Most of us would agree that whoever invented the “airbag” for cars (whether he or she was a Christian or not) was doing so as an expression of a Christian world-view. It is one thing to have faith and to trust God for our lives as we drive, it is another to trust God and have faith while we drive and, as a part of that trust, put airbags in our cars. We have created many things which fall into this category, including seat-belts, motorcycle helmets, and sensors on your garage door, to name a few. All of these things are positive expressions of God calling us to be co-creators with him. He cares for the human race and has created thousands of safety protections in our bodies (like the immune system) for our positive good. We can’t create “immune systems” but we can create air bags and garage door sensors. These are wonderful acts and I want to affirm them wholeheartedly.
However, all of these expressions of faith should be set in contrast to a whole category of things which have emerged in our society “in the name of safety” which are actually responses of fear, not expressions of faith. For example, the Willett Elementary School in Massachusetts outlawed the game of “tag” because, Principal Gayelene Heppe reasoned, “recess is a time when accidents can happen.” The reasoning is that the fear of an accident—such as the avoidance of a skinned knee—is of a greater value than the fun, developmental coordination, and exercise involved in playing tag. Another school in Attleboro, Massachusetts banned dodge ball because it was “exclusionary and dangerous.” Few seem to realize that encountering dangers and fears is, in itself, part of the crucial catechesis of growing up. Life is risky. We need to enter life with boldness and faith. You can be sure that a child who is constantly told to “be careful” and to avoid, above all, situations which might not be safe would never someday walk on the moon. In fact, it is likely that our current culture would never produce a Neil Armstrong to begin with. We are raising children who are too risk-adverse. To put it bluntly, we need to raise children of faith, not children of fear. Safety is a positive value, but if left to run amok it can turn into a cruel task master. We could, after all, eliminate virtually all fatalities through car accidents, but it would involve reducing the maximum speed limit to 10 MPH.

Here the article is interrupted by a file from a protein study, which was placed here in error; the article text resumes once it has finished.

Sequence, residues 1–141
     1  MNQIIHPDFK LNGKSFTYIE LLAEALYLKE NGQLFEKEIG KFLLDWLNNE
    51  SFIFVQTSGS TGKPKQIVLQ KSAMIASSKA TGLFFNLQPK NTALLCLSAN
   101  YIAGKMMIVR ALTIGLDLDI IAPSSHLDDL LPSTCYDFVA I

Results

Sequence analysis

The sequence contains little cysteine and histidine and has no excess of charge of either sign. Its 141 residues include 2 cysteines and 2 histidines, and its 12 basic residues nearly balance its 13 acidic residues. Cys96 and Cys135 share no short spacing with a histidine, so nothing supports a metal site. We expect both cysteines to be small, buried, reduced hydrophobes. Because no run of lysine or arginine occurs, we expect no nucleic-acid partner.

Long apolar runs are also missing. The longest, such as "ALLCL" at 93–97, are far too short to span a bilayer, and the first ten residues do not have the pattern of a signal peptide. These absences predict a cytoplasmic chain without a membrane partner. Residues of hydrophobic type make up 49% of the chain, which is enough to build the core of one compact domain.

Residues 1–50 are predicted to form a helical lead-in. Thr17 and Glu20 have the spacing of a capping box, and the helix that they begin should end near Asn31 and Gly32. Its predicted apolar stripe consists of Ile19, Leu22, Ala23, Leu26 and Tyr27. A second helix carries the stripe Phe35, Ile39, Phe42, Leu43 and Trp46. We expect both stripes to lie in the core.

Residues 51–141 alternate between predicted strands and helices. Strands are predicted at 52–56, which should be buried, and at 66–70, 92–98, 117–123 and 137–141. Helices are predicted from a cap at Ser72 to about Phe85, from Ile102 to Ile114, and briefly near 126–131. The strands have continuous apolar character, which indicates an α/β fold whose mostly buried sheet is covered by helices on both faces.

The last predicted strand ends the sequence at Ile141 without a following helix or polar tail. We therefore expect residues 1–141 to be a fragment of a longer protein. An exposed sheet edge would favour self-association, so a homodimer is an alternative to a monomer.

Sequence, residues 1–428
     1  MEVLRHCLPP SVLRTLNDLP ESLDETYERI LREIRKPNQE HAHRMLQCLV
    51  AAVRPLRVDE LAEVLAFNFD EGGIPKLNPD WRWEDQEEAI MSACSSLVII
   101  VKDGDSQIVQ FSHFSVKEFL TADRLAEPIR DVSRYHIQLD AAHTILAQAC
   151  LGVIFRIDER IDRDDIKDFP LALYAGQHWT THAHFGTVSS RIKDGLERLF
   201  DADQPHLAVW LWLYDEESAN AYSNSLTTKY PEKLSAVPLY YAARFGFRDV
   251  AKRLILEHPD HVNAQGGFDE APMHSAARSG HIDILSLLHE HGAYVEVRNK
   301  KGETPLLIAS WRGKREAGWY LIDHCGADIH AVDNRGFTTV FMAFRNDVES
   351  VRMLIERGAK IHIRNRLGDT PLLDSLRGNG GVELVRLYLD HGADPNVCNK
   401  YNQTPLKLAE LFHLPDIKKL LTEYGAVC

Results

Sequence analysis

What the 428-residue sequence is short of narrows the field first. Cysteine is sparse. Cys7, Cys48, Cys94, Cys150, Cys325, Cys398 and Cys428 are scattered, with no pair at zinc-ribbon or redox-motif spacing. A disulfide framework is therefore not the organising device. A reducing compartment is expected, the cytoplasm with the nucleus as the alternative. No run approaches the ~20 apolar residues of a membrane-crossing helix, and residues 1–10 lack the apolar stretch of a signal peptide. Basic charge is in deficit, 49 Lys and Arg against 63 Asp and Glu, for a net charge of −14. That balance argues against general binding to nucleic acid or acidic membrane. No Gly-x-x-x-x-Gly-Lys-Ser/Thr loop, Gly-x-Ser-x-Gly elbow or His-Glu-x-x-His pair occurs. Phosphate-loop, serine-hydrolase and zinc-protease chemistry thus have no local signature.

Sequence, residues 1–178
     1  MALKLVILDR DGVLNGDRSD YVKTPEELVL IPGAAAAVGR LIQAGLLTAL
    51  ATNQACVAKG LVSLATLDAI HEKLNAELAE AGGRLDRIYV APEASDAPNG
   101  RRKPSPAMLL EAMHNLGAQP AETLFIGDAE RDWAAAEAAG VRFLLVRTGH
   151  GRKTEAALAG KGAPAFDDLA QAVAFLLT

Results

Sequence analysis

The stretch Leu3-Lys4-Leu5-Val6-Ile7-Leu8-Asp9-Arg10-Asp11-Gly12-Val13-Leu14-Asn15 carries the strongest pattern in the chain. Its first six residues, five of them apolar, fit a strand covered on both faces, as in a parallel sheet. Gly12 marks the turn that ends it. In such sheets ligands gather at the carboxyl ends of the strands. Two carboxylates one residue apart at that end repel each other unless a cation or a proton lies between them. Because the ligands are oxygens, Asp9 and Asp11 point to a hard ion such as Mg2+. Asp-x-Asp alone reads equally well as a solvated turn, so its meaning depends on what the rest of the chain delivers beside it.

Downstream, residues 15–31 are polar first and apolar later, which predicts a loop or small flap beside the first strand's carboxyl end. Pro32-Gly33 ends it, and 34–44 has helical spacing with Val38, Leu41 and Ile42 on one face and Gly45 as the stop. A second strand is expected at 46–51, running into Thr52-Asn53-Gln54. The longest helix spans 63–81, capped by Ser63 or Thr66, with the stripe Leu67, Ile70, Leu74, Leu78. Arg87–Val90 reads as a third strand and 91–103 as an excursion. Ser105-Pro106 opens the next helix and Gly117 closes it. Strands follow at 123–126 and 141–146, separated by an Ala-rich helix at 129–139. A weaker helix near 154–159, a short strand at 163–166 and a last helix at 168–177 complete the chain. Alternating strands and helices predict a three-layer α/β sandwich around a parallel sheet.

Here is where the Millennial generation is stepping up in a big way. The millennial generation are those born between 1980 and 2000. These are the young people who are just now entering seminary to be trained for ministry. I like what I see. Have you noticed the fascination with bungee jumping and rappel free rock climbing among Millennial youth? Have you noticed their willingness to sacrifice for the sake of others? They are the ones who are shaking us out of our slumber regarding the rise in sex-trafficking. They are the ones who are recovering the so called “third metric,” namely; that the purpose of life is neither “making money” (metric #1) nor “being famous” (metric #2), but is in raising a family and serving others! Millennials don’t mind taking risks. They are longing for us to quit entertaining them in church and start boldly calling them to a life of courageous faith. Let me say it again: The Millennial generation is longing for us to quit entertaining them in church and start boldly calling them to a life of courageous faith.
Jesus calls us to abandon everything and be prepared to lay our lives down for the gospel. That may seem like an alien proposition if we, from childhood, have had our hands squirted a thousand times with anti-bacterial gel which “kills 99.9% of all germs.” Because, every “squirt” of anti-bacterial gel was also sending the message that the world is a dangerous place which we must protect ourselves from, rather than a world which we boldly enter, rolling up our sleeves, and get our hands dirty serving the sick, weary and lost. The Millennials don’t mind getting their hands dirty! The Millennials are more like the Apostle Paul who wanted to enter the arena in Ephesus and preach the gospel to a hostile crowd, than his companions and officials who only saw the dangers (Acts 19:23-31). Yet, it is this God given boldness which produces an Apostle Paul on Mars Hill, or a Neil Armstrong on the moon. I wrote this blog and then noticed that my Christianity Today had arrived. I haven’t had time to read it, but I couldn’t help notice the cover story this month: Stop Worrying about Millennials!